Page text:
6-12 years old:  Be on the lookout for increased aggression or behavioral issues at home or school, or physical symptoms like stomachaches or headaches.  Children who are older may want to help out more around the house and take on that parent role.  Although there are still some concerns with adjustment after deployment, children in this age group are usually excited and proud of the returning caretaker.

13-17 years old:  Teens express emotions and feelings in a wide variety of ways and that is even truer of teens coping with a parent being deployed.  Teens may want to help out more, or act indifferent to the change.  It is important to look out for behavioral or mood changes.

The most important aspect of everything discussed in this blog is COMMUNICATION.  Allow your children to discuss their feelings and let them know it is okay for them to feel the way they do.

References:

http://militarykidsconnect.dcoe.mil/parents/coping/behaviors

http://www.military.com/spouse/military-deployment/dealing-with-deployment/help-child-cope-with-parents-deployment.html

NSPT offers services in Bucktown, Evanston, Highland Park, Lincolnwood, Glenview, Lake Bluff, Des Plaines, Hinsdale and Milwaukee! If you have questions or concerns about your child, we would love to help! Give us a call at (877) 486-4140 and speak to one of our Family Child Advocates!

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5 Tips on How to Respond to Articulation Errors

A child who is still developing his or her articulation skills may need some feedback in order to fix speech errors and improve intelligibility. blog-articulation-errors-main-landscape

The following tips will help you respond to a child who produces articulation errors:

  1. Repeat the misarticulated word in your response with a slight emphasis on the target word. For example, if the student says, “I want the wed pencil,” you can respond, “Okay—here is the red
  2. Describe features about the misarticulated sound. For example, “The /s/ is a hissy sound. The air goes sssss like a snake hissing” or “The /v/ is made when our teeth bite down on our lip.”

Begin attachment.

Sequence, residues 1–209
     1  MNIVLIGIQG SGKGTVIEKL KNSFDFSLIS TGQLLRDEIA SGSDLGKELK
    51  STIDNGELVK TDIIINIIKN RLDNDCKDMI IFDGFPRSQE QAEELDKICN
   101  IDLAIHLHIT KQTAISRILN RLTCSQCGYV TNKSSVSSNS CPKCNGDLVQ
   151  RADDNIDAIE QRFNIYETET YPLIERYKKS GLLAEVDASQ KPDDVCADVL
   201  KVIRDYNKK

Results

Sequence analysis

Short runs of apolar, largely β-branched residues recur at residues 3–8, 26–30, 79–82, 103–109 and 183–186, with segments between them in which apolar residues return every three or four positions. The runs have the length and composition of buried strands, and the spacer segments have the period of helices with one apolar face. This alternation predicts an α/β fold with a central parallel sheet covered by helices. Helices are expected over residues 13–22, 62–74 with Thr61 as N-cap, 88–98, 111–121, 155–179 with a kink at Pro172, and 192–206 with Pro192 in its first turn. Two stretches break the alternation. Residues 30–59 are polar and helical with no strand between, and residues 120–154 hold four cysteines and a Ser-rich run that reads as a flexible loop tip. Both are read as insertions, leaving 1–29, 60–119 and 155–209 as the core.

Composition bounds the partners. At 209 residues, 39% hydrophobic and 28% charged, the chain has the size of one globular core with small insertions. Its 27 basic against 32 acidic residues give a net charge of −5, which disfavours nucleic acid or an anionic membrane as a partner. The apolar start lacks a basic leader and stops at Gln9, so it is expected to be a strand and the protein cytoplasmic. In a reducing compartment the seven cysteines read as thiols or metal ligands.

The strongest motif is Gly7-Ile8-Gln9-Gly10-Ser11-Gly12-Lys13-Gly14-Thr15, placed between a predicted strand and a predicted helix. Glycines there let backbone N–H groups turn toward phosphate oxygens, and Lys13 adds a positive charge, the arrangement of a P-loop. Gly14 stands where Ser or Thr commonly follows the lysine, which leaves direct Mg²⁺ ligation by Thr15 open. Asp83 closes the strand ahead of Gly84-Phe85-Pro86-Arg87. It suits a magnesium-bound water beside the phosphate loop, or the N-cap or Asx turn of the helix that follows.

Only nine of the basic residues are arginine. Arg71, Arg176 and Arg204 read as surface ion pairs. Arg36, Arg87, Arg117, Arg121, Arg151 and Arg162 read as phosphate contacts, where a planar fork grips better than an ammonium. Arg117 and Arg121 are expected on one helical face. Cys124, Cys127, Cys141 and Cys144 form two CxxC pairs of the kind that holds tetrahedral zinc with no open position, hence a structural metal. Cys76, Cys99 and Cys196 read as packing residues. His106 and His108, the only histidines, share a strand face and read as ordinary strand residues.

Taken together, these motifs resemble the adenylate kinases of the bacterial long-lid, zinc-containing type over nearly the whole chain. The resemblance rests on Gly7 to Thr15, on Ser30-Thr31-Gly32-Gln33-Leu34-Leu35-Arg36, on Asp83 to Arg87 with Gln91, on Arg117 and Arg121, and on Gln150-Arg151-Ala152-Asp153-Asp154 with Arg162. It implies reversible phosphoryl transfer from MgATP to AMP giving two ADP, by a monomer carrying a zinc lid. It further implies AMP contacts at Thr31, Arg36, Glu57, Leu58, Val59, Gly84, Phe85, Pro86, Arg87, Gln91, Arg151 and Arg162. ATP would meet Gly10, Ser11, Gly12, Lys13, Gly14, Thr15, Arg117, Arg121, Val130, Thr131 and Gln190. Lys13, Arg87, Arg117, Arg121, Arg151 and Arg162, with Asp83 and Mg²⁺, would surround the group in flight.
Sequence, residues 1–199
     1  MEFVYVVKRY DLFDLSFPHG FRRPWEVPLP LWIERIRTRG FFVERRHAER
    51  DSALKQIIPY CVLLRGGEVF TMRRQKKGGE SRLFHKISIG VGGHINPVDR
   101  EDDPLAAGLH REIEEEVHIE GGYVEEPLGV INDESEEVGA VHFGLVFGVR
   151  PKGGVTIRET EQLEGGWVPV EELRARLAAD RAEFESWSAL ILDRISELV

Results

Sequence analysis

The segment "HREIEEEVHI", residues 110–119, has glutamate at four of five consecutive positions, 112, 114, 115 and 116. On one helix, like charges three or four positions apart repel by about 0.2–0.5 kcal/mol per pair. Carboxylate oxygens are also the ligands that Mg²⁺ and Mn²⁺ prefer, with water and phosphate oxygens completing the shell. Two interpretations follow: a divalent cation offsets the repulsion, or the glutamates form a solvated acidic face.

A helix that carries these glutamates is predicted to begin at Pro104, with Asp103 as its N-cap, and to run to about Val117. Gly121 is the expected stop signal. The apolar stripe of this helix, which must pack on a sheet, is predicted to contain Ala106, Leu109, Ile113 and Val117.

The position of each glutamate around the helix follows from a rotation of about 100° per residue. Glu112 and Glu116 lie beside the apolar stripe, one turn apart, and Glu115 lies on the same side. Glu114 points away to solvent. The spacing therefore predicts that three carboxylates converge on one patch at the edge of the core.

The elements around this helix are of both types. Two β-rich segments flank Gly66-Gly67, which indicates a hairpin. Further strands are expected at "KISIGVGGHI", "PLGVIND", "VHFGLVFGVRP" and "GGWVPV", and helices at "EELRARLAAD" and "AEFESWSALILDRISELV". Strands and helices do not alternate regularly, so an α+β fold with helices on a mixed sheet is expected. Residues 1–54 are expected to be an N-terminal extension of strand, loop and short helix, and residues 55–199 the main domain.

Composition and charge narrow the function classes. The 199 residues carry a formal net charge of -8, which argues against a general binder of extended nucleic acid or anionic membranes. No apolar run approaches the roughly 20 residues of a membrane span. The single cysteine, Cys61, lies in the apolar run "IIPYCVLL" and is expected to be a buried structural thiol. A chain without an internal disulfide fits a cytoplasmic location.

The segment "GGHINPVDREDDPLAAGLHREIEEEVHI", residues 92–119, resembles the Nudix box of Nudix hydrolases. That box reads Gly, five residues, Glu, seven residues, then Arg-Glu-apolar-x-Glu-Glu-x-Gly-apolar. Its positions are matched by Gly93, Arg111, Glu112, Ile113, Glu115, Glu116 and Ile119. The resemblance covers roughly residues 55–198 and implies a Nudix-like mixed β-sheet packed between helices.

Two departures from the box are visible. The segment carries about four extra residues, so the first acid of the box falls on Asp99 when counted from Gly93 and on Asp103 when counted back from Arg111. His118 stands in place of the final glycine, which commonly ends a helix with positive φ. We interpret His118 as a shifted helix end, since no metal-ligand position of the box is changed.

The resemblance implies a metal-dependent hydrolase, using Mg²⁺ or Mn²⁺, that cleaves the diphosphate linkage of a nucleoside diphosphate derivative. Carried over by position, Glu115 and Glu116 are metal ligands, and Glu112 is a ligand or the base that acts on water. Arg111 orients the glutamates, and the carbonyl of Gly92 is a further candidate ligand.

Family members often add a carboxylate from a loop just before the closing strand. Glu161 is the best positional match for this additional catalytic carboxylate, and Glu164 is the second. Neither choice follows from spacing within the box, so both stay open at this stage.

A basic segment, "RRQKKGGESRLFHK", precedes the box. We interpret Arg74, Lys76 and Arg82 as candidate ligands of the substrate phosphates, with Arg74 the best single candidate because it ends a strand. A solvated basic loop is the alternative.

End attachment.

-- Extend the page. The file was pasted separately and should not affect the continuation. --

3. Give the child a consistent visual cue for the target sound, such as dragging a finger across the lips for /m/ or putting a thumb under the chin for /k/ or /g/.
  4. For a child who can read, contrast sounds that contain the correct sound and the incorrect sound by writing them out. For example, you can write out thin fin and show the child that one is made with a th and the other with an f.
  5. If you know that the child is able to produce the target sound, give him or her feedback on what you heard. You can say, “I heard you say doe, did you mean doe or go?” or feign difficulty understanding, such as, “You want to doe home? What do you mean, doe home?”

If you are unable to determine what word the child is trying to say, refer to this article for more tips: http://nspt4kids.com/parenting/helping-your-child-with-articulation-difficulties/.

As a parent or a teacher, it is important to acknowledge attempts at communication while providing feedback on speech sound production. If your child continues to demonstrate speech sound errors or is frustrated with his or her speech, seek out the advice of a speech-language pathologist.

NSPT offers services in Bucktown, Evanston, Highland Park, Lincolnwood, Glenview, Lake Bluff, Des Plaines, Hinsdale and Milwaukee! If you have questions or concerns about your child, we would love to help! Give us a call at (877) 486-4140 and speak to one of our Family Child Advocates!

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Tips for Teaching Language to Your Toddler During Daily Routines

As a busy parent, hearing that your child needs help talking can be overwhelming. You already have a Teaching Languageto-do list that feels a mile long— When are you supposed to find time to work on teaching language? The good news is there are ways to incorporate language into the routines that you already do every day! One of the tricks to helping your toddler talk is for YOU to do a lot of the talking. Children need to hear words over and over again to understand them. Just like if you’ve ever learned a second language, they want to hear it a lot before trying it out for themselves! The key here is to focus on doing the talking to build up your toddler’s understanding, which will help her to become confident and ready to use the words with less and less help.